Ken Tucker
August 17, 1990 AT 04:00 AM EDT

The Showtime 30-Minute Movie

TV Show
Current Status
In Season
Evan Richards, Ruben Blades, Terrance O'Quinn
Showtime Networks Inc.
Thriller, Sci-fi and Fantasy, TV Movie

We gave it an A

The Showtime 30-Minute Movie is a far superior anthology of three films of half-hour ones by new directors and little-known actors.

”Conquering Space” is a charming period piece about a Florida family in the ’50s. Dad works for the fledgling space program, Mom is bored and restless, teenage Sis is learning to drive, and Little Brother is a lovable brat. In other words, these folks are walking cliches, but director Mark Stratton builds a quiet drama around them, deepening the characters by letting us in on their hopes, dreams, and disappointments.

”12:01 PM” is like the best episode of The Twilight Zone you’ve ever seen. Director Jonathan Heap begins with a science-fiction premise — that there’s been a sudden ”time-skip” in the world, and the same hour, between noon and 1 p.m., keeps repeating itself over and over. Only one man is conscious that this is happening, and it’s driving him crazy. He realizes that he’s always doing the exact same thing: leaving his office and joining a lunch-hour throng at a nearby park; when 1 p.m. rolls around, everything goes black, he passes out, and when he wakes up, he goes on his lunch hour all over again.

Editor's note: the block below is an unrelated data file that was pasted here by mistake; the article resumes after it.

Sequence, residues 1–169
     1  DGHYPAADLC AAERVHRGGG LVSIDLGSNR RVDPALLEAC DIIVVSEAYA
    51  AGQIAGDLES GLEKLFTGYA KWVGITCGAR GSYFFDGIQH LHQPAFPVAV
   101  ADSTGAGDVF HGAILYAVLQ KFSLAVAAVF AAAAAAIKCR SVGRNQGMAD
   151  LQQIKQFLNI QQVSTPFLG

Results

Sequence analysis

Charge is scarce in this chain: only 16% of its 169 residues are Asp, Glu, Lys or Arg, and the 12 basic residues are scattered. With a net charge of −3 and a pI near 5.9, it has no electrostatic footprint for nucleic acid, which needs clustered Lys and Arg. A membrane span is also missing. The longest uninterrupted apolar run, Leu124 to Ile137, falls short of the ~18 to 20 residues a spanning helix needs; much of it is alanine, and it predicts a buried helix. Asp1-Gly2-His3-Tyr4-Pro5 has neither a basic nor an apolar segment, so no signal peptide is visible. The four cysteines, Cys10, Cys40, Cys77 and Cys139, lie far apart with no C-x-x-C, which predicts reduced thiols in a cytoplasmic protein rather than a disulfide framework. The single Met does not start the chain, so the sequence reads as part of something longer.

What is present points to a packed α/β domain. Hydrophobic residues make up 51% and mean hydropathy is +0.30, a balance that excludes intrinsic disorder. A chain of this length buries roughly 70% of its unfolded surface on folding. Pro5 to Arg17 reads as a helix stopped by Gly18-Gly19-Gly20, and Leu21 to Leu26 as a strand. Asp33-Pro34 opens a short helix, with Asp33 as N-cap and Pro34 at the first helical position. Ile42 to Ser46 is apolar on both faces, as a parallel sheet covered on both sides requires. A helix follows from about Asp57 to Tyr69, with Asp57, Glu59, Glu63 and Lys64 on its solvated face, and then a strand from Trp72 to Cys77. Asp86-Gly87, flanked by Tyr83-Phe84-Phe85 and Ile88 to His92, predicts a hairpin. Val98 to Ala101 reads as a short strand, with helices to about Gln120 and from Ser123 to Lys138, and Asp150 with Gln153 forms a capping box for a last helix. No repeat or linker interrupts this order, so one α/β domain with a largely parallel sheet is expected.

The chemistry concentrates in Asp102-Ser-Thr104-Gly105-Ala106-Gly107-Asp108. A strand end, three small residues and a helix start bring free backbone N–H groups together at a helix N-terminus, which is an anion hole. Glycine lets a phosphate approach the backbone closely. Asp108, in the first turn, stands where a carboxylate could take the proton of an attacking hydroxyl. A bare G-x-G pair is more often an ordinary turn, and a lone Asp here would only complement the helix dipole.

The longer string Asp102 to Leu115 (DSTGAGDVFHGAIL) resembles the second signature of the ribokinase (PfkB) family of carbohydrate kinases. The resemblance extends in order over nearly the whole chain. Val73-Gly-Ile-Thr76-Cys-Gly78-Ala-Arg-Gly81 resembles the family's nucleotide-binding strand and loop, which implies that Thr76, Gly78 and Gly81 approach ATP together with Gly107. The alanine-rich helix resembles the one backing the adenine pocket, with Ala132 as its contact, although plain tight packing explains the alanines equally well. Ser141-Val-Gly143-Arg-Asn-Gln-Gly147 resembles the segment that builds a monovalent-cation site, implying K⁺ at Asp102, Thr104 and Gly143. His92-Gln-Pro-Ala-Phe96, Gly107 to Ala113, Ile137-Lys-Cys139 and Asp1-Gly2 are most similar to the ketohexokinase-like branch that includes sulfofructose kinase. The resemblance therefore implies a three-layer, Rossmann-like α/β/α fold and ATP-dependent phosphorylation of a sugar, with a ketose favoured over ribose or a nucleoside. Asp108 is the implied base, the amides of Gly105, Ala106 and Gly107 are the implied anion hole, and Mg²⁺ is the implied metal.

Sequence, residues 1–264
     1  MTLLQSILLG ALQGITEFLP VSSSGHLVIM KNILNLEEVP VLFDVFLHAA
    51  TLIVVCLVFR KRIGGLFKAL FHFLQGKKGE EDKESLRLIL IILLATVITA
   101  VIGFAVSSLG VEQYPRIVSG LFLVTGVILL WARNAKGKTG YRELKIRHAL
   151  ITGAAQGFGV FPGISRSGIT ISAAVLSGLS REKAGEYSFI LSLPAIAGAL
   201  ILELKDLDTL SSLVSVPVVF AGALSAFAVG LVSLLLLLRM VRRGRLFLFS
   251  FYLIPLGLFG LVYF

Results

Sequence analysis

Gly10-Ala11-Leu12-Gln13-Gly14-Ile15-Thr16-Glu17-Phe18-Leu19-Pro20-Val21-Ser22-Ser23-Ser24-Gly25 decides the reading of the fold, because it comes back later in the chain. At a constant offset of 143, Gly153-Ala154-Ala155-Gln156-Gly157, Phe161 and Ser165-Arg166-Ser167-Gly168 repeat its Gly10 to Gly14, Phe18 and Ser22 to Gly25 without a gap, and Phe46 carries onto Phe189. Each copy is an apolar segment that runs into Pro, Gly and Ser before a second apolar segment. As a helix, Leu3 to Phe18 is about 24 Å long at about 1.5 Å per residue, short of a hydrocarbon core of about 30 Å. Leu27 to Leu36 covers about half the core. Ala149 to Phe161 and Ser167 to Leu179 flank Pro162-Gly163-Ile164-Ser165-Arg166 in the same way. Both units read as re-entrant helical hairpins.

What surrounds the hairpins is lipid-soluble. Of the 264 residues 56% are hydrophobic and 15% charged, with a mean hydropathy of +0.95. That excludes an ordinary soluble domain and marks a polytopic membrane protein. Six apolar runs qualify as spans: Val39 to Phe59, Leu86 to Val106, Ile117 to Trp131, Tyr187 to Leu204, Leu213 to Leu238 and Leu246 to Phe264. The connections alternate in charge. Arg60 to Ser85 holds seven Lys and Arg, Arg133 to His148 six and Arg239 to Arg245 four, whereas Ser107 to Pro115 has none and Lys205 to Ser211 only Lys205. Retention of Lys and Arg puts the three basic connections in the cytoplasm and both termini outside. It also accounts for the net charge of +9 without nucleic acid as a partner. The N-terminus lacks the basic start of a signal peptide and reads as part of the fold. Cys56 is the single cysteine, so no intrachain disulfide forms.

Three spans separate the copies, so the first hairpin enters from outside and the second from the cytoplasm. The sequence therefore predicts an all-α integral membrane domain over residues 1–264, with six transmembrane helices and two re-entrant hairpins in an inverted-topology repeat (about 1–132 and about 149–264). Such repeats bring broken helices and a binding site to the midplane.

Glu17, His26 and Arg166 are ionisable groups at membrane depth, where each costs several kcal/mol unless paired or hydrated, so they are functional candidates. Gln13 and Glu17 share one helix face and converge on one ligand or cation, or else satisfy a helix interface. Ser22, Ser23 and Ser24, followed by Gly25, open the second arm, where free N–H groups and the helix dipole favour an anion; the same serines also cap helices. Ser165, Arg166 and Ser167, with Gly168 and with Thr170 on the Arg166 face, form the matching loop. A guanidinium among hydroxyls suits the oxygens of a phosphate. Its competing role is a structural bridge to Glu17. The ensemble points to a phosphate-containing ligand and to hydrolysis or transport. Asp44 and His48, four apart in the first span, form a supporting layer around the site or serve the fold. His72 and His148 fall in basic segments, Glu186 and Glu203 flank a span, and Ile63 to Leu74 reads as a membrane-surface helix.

The man is played by Kurtwood Smith, often cast as a villain in movies like RoboCop and Dead Poets Society. He’s the hero here, spending his endless lunch hour trying to escape it. Scary, funny, and touching, ”12:01 PM” pulls you into its warped universe right away.

Finally, ”To the Moon, Alice” is a knockout, the most moving depiction of homeless people I’ve seen on television, and all the better for being so unusual. In director Jessie Nelson’s film, a Los Angeles homeless family of three — mother, father, young boy — stumble upon an unlikely shelter: Every night they sneak onto the set of a sitcom after taping is finished for the day; the family sleeps and eats in this fabricated suburban home, leaving early in the morning to search for work.

The contrast between the family’s poverty and the brightly colored stage set is an easy irony, but director Nelson doesn’t play it for either cheap sobs or cheap laughs-you learn about this family, how they came to lose their house and jobs. It’s a flawless half-hour. Combined grade: A

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